Pointers: Recommended reading

Innovative IT governance
Source: NASCIO

As part of a larger study of state technology funding strategies, the National Association of State Chief Information Officers reports on the different processes that states use to make decisions about technology investments.

For example, through its Project Delivery Framework, Texas requires its agencies to create a business model and multiphased development strategy that runs from launch to the evaluation of the final product.

And Kansas requires all agencies to annually update a three-year information technology strategy that details their plans and budgets for IT projects.

Links to online documents are included, when available.

Misinformation and the Web
Source: Web Monkey

The Monkey Bites blog (written for software developers) picks apart the idea of creating a truth rating system for Web sites.

Web pioneer Tim Berners-Lee recently pitched that idea as a way to help users filter through the mass of information and misinformation floating around the Web.

Monkey Bites highlights some key questions: Who would be responsible for assigning the truth rating? If it were done automatically, how would such a system work? And what happens to a Web site that, rated as trustworthy, mistakenly propagates misinformation?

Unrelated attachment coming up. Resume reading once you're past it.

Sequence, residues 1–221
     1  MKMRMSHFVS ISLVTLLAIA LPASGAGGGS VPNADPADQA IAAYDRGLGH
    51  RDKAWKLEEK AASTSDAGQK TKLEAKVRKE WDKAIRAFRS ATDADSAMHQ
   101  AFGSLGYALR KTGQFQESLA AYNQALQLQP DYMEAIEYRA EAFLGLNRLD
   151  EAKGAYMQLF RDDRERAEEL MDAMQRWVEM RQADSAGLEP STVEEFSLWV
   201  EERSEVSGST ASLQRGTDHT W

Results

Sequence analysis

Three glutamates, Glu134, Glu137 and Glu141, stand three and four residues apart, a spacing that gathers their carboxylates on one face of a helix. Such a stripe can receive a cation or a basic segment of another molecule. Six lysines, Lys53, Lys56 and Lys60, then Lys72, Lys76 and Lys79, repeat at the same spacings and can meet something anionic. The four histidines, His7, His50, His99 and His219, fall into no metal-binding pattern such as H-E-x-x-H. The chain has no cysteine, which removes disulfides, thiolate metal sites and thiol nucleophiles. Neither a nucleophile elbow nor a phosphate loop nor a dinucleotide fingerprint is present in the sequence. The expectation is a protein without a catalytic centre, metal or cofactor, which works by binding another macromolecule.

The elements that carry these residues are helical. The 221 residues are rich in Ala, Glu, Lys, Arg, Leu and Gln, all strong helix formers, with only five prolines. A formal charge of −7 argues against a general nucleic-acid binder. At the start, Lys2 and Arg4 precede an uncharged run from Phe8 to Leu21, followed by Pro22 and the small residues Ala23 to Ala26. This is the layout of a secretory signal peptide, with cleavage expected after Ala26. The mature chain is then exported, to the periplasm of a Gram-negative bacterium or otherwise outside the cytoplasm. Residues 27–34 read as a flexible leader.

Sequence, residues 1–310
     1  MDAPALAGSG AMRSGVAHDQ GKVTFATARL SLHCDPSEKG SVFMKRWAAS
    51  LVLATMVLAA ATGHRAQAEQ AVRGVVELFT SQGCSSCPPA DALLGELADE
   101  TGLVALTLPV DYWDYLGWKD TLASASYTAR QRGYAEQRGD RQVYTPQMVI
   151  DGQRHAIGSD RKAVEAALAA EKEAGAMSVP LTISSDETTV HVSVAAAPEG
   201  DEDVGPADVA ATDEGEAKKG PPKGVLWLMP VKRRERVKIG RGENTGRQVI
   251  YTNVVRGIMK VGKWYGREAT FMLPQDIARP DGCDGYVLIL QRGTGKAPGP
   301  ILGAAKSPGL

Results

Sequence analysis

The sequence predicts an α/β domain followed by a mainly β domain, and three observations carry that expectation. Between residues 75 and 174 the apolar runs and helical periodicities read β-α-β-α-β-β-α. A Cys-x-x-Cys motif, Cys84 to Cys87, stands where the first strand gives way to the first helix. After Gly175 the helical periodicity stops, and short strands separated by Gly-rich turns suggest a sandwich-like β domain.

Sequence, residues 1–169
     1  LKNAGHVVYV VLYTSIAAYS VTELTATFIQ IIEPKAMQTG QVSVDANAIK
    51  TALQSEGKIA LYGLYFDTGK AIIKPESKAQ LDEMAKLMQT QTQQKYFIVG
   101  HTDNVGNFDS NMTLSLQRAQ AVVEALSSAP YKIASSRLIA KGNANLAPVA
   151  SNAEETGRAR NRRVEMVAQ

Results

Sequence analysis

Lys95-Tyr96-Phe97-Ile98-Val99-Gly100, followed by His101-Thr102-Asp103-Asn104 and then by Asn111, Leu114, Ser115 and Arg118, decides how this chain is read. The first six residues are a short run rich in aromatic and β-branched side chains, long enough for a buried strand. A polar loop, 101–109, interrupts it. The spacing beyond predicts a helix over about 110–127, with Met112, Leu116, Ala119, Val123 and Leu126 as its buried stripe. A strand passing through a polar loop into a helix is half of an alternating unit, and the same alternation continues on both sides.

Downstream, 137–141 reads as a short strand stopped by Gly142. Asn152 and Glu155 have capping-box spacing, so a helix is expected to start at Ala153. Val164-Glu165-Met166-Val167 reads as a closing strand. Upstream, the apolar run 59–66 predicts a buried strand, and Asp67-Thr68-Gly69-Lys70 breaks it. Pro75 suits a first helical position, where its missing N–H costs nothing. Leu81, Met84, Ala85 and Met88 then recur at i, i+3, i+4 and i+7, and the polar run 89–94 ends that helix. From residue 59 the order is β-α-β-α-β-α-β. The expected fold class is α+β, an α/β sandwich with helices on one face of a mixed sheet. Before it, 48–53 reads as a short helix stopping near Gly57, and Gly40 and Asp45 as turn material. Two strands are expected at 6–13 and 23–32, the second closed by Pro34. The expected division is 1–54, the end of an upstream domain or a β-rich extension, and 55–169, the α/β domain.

20 IT mistakes to avoid
Source: CIO

CIO magazine follows up on a 2004 article that identified the most common mistakes that organizations make on IT policies and strategies.

One mistake is to have an overzealous password policy. For example, users forced to change their passwords too often might cope by jotting down their password in their work areas — a serious security faux pas.

Another mistake is to end up with employees who are indispensable because of their specialty knowledge. Both the organization and its employees are better off with a multitalented workforce.

A lesson in password security
Source: AppScout

AppScout, a Web site published by Ziff Davis (PC Magazine), provides a concise explanation of how someone broke into the Yahoo e-mail account of vice presidential candidate Gov. Sarah Palin.

The article provides technical details for those who are interested, but a big lesson for everyone else: It could happen to anyone with even rudimentary personal information available online.

The comments on the article generally fall into the category of political rants, but some readers offer some useful tips and observations.

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